Gesture shortcut bar (three-finger-tap)
The “shake to undo” gesture was unintuitive to a lot of iPhone and iPad users, so Apple has added some additional three-finger swipe gestures to cut, copy, paste, undo, and redo.
But if you’re not a fan of swiping gestures, just tap-and-hold for a second with three fingers, anywhere on the screen. You’ll get a nice little edit bar with buttons for undo, redo, cut, copy, and paste.
Save screenshots directly to Files
After taking a screenshot, tapping on the little preview to edit it in Markup, and then tapping Done, you’ll notice a new option.
In addition to the Save to Photos and Delete Screenshot options, you’ll now see a third one for Save to Files. Now you can directly save screenshots to local store or iCloud folders or network folders or any other Files location, without hopping over to the Photos app, sharing the screenshot, then deleting it.
Pinch to zoom voice memos
If you’re a heavy user of Voice Memos, you may have wished for a little more control over trimming or editing them. Now, when you’re in Edit mode, you can pinch-to-zoom the waveform, giving you finer control and making it easier to scrub through really long recordings.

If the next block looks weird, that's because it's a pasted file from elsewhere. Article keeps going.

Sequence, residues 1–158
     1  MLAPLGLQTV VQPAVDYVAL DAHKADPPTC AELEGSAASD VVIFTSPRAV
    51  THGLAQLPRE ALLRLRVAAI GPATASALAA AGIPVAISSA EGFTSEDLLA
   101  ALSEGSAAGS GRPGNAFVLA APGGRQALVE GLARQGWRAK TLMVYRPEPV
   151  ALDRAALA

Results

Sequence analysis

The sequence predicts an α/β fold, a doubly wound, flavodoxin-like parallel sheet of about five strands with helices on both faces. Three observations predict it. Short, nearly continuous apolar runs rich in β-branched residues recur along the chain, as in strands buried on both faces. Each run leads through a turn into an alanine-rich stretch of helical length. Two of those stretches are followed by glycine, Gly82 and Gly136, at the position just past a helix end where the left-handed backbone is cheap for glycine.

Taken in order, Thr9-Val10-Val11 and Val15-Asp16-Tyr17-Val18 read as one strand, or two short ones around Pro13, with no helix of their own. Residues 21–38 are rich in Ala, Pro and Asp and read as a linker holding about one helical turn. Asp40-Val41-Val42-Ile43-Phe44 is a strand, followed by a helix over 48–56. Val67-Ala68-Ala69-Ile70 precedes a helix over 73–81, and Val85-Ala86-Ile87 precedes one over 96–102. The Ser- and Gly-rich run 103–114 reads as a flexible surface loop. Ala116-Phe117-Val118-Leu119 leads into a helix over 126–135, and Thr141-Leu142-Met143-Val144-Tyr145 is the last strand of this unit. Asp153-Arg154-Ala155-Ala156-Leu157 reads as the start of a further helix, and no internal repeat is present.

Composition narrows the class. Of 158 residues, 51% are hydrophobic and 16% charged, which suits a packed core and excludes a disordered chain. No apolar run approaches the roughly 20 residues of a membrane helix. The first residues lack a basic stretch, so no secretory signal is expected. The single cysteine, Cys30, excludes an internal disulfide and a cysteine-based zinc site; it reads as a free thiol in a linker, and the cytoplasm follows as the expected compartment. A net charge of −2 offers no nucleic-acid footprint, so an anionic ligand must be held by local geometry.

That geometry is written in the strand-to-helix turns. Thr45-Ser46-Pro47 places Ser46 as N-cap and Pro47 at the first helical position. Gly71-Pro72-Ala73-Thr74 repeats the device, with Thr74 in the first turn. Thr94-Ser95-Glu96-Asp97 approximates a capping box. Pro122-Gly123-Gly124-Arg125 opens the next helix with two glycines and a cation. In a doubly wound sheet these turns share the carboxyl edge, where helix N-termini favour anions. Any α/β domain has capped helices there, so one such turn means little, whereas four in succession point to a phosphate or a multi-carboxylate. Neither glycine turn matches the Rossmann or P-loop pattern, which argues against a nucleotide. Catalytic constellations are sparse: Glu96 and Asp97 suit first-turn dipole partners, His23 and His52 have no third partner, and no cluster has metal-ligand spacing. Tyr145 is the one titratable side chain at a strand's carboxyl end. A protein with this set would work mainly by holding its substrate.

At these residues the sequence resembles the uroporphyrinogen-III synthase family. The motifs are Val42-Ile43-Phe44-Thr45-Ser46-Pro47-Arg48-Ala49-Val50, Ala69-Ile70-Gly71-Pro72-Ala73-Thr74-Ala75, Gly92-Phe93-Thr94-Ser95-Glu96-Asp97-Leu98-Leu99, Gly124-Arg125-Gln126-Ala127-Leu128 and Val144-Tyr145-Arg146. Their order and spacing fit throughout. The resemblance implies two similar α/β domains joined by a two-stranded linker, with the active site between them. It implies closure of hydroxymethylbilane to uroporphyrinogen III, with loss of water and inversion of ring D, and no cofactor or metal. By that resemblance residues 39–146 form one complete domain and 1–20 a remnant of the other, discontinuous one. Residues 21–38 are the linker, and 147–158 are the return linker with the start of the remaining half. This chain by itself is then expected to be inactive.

Optimized battery charging
Take a look in Settings > Battery > Battery Health. If you’re running iOS 13, you’ll see a new Optimized Battery Charging toggle.
With this enabled, your iPhone will learn when you typically charge your phone, and how much you use it. It will use that information to stop charging your phone at 80% if you aren’t going to need it.
For example, if you always charge your phone overnight, starting at about 10pm, and you happen to plug in your phone at 7pm one day, it might stop at 80%, knowing you won’t use up more than that much charge before plugging in again a few hours later.